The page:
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Dale Jackson

Your Personal Investor


The Canadian Council of Insurance Regulators (CCIR) is pushing for full-dollar disclosure for segregated funds.

The move comes on the heels of recently-implemented disclosure rules, called CRM2, that require mutual fund advisor fees to be expressed in dollar amounts in addition to percentages. Percentages are often much easier for consumers to swallow than a flat-out dollar amount, and that's why the industry has been dragging CRM2 out for over a decade.   

Until now segregated funds have been exempt from CRM2 rules because they are considered insurance products. Seg funds are like mutual funds wrapped in an insurance product because 75-to-100 per cent of the principal is guaranteed.

You pay a price for that security. Annual fees for segregated funds, also known as the management expense ratios (MER) can reach four per cent compared with a 2.5 per cent MER for a typical mutual fund. Most seg funds also have one-time fees known as loads when they are bought and sold.

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But, in a surprise twist, seg fund dollar disclosure goes far beyond mutual funds. CRM2 only requires the advisor portion of the MER be expressed in dollars, which is typically one per cent embedded in that 2.5 per cent MER. Every $100,000 invested in a mutual fund, for example, would generate an annual fee of $2,500 but the statement would only reveal the $1,000 trailer fee in dollars.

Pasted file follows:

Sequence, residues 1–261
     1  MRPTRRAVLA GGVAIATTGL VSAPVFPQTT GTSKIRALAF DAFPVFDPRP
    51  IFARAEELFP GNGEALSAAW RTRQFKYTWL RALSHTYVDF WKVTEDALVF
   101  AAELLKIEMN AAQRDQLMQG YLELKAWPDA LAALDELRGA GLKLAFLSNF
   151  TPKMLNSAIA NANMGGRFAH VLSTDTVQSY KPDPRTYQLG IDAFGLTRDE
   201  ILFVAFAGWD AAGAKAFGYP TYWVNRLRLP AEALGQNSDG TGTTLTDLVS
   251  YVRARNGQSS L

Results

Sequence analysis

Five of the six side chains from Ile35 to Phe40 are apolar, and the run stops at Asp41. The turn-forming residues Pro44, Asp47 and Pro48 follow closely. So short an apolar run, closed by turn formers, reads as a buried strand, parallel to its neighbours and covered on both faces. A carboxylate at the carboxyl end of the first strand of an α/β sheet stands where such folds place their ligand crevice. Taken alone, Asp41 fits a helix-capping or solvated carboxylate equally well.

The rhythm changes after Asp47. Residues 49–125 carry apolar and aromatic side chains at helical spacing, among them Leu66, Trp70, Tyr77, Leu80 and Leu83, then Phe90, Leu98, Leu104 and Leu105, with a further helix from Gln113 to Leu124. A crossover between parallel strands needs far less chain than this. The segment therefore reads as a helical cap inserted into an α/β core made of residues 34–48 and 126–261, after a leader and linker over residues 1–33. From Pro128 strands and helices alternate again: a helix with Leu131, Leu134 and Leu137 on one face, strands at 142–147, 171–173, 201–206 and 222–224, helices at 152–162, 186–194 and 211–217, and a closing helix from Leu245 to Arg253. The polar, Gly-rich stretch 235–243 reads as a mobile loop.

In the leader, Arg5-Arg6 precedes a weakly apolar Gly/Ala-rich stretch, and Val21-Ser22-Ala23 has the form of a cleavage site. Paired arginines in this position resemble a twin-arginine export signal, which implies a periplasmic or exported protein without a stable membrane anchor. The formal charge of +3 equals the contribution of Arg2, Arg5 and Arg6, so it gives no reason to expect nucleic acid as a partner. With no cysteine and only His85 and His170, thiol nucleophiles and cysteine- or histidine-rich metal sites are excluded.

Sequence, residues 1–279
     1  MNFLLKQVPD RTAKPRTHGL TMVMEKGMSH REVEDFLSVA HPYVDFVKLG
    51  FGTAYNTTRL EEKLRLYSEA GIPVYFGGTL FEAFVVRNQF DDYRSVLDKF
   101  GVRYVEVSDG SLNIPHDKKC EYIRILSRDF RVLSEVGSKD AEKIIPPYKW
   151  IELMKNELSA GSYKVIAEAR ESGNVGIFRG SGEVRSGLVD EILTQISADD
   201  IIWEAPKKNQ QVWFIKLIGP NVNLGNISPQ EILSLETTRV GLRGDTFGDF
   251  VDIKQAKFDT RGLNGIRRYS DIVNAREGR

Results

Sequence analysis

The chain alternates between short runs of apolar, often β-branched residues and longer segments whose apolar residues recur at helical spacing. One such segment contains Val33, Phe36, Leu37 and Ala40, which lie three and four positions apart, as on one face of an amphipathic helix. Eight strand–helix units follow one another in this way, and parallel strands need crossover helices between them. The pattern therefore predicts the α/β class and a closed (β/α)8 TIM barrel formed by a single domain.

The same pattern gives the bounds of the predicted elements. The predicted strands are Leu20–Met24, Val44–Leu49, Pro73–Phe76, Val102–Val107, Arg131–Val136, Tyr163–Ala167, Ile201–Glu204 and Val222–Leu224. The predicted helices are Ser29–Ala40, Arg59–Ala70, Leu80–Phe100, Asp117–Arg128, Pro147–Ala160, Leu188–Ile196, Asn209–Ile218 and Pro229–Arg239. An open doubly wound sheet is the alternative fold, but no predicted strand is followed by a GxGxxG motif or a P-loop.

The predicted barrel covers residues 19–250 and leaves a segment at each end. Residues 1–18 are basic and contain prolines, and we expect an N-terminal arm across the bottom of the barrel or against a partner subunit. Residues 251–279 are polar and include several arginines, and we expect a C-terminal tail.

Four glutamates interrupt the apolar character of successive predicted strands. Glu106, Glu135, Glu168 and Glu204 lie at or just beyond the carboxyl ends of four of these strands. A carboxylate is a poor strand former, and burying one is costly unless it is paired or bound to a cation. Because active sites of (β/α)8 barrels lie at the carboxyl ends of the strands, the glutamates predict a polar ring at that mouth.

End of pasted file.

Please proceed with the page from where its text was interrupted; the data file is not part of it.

By 2019 investors in segregated funds will have the entire amount revealed on their statement, and what they see could come as a shock. Every $100,000 invested in seg funds would result in an annual bill of $4,000 plus any other one-time fees and commissions.

Mutual fund industry representatives say they are moving toward full-dollar disclosure. How investors will react is unkown, but at least all the cards will be on the table.